What is The Intelligence of Dogs About?

“The Intelligence of Dogs” unleashes the concept of dog intelligence and ranks breeds from most to least intelligent. Let’s find out more.

Jan 12, 2024By Natasha Elder
what is the intelligence of dogs about

Have you ever wondered just how much dogs understand about the world around them or pondered on which dog breeds are the most intelligent? Are you looking for a good book to sink your teeth into? Stanley Coren’s aptly named book, “The Intelligence of Dogs,” may be the answer to both of those questions. But what’s it all about?

“The Intelligence of Dogs” Explained

stanley coren the intelligence of dogs book review cover
Image credit: Amazon

“The Intelligence of Dogs” is a book about, you guessed it, dog intelligence. It was written by a professor of canine psychology named Stanley Coren in 1994 and was updated and republished in 2006. The immensely popular book is one of the best books for dog owners and people who are interested in animal intelligence.

The book explores the mind and psychology of canines, the human-canine bond, how our understanding of dogs’ intelligence has changed over time, and whether dogs have thoughts, feelings, and a level of consciousness similar to humans. It also breaks down the different types of dog intelligence and ranks 131 dog breeds from most to least intelligent.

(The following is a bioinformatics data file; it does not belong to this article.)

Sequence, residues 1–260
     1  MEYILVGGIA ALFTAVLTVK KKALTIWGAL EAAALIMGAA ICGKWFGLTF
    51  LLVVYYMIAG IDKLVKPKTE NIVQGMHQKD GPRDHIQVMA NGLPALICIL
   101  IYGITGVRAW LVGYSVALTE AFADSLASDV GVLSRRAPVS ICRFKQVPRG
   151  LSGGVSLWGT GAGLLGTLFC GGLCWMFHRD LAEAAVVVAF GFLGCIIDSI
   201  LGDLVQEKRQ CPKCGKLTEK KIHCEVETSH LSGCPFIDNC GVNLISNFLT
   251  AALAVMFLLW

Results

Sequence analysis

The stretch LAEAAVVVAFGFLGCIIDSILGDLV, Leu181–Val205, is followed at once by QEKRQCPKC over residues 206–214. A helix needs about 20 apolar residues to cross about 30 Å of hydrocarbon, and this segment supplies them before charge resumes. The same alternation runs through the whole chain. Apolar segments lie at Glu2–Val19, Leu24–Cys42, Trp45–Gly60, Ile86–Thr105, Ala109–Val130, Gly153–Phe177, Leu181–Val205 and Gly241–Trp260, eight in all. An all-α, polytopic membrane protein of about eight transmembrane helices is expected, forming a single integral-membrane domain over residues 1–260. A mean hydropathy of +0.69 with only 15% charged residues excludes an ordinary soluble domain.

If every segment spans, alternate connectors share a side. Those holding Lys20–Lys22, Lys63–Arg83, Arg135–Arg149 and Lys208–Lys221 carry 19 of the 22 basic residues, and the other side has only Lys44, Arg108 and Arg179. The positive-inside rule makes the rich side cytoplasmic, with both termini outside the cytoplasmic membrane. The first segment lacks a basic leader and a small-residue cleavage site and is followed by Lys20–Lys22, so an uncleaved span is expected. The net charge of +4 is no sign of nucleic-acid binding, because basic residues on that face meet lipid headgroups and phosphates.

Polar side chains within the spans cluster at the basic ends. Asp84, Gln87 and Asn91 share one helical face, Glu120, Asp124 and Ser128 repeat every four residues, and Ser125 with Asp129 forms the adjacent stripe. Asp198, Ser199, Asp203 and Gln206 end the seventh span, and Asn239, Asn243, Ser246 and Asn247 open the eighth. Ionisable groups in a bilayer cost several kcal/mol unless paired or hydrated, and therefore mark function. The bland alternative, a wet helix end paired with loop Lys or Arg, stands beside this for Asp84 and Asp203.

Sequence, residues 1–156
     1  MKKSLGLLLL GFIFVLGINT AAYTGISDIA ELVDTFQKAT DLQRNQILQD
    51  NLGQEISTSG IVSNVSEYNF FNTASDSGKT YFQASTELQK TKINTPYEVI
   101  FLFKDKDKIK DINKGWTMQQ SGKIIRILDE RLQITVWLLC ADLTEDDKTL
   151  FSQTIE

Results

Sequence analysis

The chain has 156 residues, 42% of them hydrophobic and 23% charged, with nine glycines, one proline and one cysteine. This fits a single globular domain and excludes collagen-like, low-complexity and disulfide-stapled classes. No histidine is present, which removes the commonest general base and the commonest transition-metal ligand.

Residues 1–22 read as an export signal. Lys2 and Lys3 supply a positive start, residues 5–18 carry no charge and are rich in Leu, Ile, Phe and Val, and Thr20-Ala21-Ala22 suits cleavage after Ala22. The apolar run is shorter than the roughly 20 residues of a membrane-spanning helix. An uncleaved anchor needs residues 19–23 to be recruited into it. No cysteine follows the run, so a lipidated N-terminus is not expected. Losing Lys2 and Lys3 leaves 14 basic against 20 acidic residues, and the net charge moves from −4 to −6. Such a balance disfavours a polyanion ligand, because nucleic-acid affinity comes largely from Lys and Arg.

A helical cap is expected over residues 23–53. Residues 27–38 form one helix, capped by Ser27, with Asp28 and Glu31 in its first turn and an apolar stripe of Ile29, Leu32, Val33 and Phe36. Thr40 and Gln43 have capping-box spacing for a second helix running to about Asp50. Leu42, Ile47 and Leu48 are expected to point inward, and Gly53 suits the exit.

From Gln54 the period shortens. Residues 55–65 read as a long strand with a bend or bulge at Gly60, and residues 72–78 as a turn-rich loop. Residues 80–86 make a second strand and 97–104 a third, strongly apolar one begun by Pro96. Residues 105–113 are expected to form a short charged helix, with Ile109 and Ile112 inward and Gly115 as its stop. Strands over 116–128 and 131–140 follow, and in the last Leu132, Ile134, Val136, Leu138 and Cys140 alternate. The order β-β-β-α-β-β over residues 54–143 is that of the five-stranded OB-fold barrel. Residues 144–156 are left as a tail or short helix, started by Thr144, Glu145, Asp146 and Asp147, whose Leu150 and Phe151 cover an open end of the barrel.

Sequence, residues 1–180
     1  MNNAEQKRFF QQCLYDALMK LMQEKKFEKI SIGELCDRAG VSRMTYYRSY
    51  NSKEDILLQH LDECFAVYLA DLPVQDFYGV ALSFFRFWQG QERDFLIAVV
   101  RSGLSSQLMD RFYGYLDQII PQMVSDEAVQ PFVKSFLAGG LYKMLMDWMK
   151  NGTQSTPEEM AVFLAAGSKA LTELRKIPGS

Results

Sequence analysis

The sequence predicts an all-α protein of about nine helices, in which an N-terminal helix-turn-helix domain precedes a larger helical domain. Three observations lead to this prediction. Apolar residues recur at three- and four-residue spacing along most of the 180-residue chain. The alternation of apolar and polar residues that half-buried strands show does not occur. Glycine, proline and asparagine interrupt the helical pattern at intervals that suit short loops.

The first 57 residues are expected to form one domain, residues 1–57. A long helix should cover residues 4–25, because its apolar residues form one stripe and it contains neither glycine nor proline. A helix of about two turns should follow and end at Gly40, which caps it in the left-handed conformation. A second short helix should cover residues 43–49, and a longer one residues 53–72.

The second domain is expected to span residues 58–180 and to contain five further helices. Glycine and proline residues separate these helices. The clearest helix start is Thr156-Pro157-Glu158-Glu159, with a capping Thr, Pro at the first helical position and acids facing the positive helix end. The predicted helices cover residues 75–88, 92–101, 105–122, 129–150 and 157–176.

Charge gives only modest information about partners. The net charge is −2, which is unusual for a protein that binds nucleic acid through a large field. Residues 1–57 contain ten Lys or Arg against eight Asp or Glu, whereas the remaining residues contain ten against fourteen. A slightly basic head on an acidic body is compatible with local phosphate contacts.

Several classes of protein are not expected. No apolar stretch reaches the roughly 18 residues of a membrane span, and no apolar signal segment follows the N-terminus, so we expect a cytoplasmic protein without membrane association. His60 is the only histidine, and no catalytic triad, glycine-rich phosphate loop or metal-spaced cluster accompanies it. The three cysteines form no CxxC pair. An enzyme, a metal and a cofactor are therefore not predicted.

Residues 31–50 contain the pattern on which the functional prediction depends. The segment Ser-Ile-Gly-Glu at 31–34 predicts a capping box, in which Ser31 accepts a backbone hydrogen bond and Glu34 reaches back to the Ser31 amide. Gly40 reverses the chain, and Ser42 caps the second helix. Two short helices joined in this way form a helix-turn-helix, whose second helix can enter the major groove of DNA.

dog reading a book
Image credit: Wikimedia Commons

In this book, several interesting topics are broached, and though it’s highly educational, it’s also humorous and entertaining. It makes for great reading all around. The book is made up of 13 chapters, with each chapter addressing a specific topic. The chapters included in the book are as follows:

  • Do Dogs Think?
  • The Natural History of Dogs
  • Early Views of the Dog’s Mind
  • Modern Views of the Dog’s Mind
  • The Nature of Dog Intelligence
  • Linguistic Intelligence in Dogs
  • Varieties of Dog Intelligence
  • Instinctive Intelligence
  • Adaptive Intelligence
  • Working or Obedience Intelligence
  • The Personality Factor
  • Increasing a Dog’s Intelligence
  • The Dog’s Mind and the Owner’s Happiness

What Are the Different Types of Dog Intelligence?

border collie jumping hoop training
Image credit: Andrea Lightfoot on Unsplash

The theory that shaped “The Intelligence of Dogs” is that more than half (51%) of a dog’s intelligence is determined by its breed and genes, while the remainder (49%) is a result of its environmental circumstances.

The three types of dog intelligence are outlined as: instinctive, adaptive, and working & obedience. Between the three categories, a dog’s memory, obedience, social training, observation capabilities, and problem-solving abilities are observed and tested.

Instinctive intelligence refers to a dog’s natural ability to do tasks and fulfill the roles that it was bred for, such as herding, hunting, or guarding. Adaptive intelligence refers to a dog’s ability to solve problems and analyze their environment. Working and obedience intelligence refers to a dog’s ability to learn, retain, and perform commands.

In a nutshell: the faster a dog can learn a command, the more intelligent it is deemed. The more commands a dog can learn, the more it rises in the ranks of intelligence.

Which Dog Breed is the Most Intelligent?

border collie lying down green grass
Image credit: 4924546 from Pixabay

After learning about what makes a dog intelligent and discovering the three different categories of dog intelligence, you’re probably chomping at the bit to find out which dog breeds are the most intelligent. Is your dog on the list? Let’s find out.